Four trends that highlight how Covid-19 has shaped the way people travel


Property management software company Guesty, used by professional hosts to manage properties on Airbnb, Vrbo, and, shares travel trends and predictions for travel in 2021

UK consumers have already begun looking ahead to plans for later in 2021, with a number of noticeable booking trends sure to shake up travel this year. 

Last-minute bookings and flexible cancellation policies make consumers confident to book:

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Last-minute bookings have been trending since last summer. In December, globally, 14% of reservations were made on the same day as check-in and 38% of reservations were made within a week of the reservation itself.

Consumers will increasingly book last-minute trips to avoid having to cancel plans, which will result in a more profitable Q1 2021 than expected, especially coupled with widespread vaccine distribution. A majority of hospitality providers will in parallel offer reduced rates for no-cancellation bookings, which will become increasingly popular as travel normalises.

Travellers will book for longer:

The average length of stay is back on the rise after slightly decreasing last fall. This has been influenced by the more contagious second strain of COVID, and coincides with a shift from multiple short breaks to fewer trips for longer time frames. We saw this in March 2020 when consumers were first hesitant to travel due to the original virus, and are seeing it again now as bookings made in Q1 2021 are significantly longer in the UK; with an average of 9.1 days long compared to Q1 2020’s 4.5. As the vaccine takes effect, the lengths of stay will likely shorten.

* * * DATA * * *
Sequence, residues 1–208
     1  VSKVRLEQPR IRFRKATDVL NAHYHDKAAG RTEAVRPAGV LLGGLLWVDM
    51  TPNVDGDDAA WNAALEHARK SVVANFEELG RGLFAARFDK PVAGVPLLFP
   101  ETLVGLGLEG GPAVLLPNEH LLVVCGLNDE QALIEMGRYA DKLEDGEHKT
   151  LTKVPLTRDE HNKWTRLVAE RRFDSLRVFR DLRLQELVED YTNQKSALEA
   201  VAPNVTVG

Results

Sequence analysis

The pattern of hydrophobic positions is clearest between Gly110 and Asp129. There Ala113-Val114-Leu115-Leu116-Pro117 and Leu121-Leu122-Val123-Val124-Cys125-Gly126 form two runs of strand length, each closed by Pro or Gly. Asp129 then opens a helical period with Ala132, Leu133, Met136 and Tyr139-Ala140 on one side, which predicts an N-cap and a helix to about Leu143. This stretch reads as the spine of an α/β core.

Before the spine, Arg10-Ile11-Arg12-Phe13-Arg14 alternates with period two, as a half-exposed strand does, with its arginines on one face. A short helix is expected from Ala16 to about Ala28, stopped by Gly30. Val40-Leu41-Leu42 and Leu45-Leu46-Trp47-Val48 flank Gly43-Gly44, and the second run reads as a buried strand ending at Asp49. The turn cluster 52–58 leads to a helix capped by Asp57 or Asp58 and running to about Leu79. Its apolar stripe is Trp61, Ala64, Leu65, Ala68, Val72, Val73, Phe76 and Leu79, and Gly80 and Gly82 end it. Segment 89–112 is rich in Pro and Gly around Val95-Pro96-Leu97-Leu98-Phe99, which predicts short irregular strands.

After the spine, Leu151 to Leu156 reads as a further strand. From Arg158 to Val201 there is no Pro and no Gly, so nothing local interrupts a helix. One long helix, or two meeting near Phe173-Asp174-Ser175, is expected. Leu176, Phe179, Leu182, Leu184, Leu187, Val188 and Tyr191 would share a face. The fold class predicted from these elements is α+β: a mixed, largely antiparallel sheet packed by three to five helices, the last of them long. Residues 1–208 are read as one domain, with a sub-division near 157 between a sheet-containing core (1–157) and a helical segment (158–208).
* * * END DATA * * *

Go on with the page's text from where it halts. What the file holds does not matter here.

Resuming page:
Short-Term Rental Converts:

The short-term rental ecosystem is undergoing a disruptive moment. The industry has gained a tremendous amount of new users in the last year who had never before considered accommodations outside of traditional hotel stays, but have during the pandemic given the private nature rentals (less crowded common areas, guest turnover, etc.). Throughout the pandemic, short term rentals have consistently outperformed hotels.

Travellers will look for – and expect – light touch stays:

Regardless of where consumers stay, hotel or private rental, travellers will increasingly seek accommodations that are contact-free or light-touch, meaning they have implemented technology to limit human interaction between staff and guests. COVID-19 is speeding up innovation in the space, pushing more traditional property management companies to adopt tech much more quickly than they likely would have. Contact-free stays are one of the top guest expectations to limit as much human interaction as possible, with hospitality companies implementing keyless entry tools, tools to monitor cleaning staff remotely and automated check-in/check-out messaging tools.

Zoe Monk

The author Zoe Monk

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